To set up CRM to use the custom workflow activity to send a WebHook, we’ll leverage the event pipeline and workflow triggers. We’ll define a workflow that triggers for our basic scenario (in this example, when creating an account). In the CRM application, choose Settings > Processes > New to create a new workflow process.

 

Inside the workflow editor, we should see that the custom workflow activity is available as an option for a workflow step. Add it to the workflow and configure the activity properties with the URL of the WebHook receiver, and the other required input arguments.


 

The URL of the WebHook receiver should be in the format https://<host>/api/webhooks/incoming/dynamicscrm/<id>. In this example, the host name is “sampledynamicscrmwebhookreceiver.azurewebsites.net”. Here we have neglected to enforce that the WebHook receiver use HTTPS. It is recommended that you use HTTPS for your business application for enhanced security. We have also provided an id and a shared secret that identifies CRM to the WebHook receiver. You should provide your own application secret for your business application. As always, use high-entropy values such as a SHA256 hash or similar, which you can get from FreeFormatter Online Tools For Developers. You can also set your application secret through the Azure Portal instead of hard-coding it in the Web.config file.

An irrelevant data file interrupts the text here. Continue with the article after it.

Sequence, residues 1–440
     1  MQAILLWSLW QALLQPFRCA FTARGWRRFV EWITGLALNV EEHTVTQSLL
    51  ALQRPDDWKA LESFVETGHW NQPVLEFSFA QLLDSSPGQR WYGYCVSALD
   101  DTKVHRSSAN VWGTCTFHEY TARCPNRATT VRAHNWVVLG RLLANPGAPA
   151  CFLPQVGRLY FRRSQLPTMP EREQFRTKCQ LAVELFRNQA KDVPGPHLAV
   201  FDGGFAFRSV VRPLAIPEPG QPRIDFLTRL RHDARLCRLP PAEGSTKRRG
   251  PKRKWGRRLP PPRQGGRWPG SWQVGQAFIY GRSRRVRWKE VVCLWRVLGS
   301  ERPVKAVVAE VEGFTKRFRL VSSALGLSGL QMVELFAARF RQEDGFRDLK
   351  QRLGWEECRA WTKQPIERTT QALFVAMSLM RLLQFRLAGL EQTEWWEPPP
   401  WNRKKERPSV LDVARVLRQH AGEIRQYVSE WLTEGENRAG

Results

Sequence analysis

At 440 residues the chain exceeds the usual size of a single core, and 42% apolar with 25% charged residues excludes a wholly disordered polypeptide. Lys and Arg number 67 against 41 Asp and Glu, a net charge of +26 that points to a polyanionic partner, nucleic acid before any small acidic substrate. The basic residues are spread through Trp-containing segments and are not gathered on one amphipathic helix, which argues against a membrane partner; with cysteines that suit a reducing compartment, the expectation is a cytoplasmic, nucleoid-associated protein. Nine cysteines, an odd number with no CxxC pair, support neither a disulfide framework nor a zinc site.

You can add more steps to the workflow to customize the way the WebHook will be sent. For example, you can add a condition step so that the WebHook will only be triggered if the account’s primary contact has an email address at a particular domain.

Once you’re satisfied with your workflow, save it. We’ll activate the workflow later, once the receiver is set up. Now, let’s build a simple receiver to observe the WebHooks.

Receiving WebHooks in your web application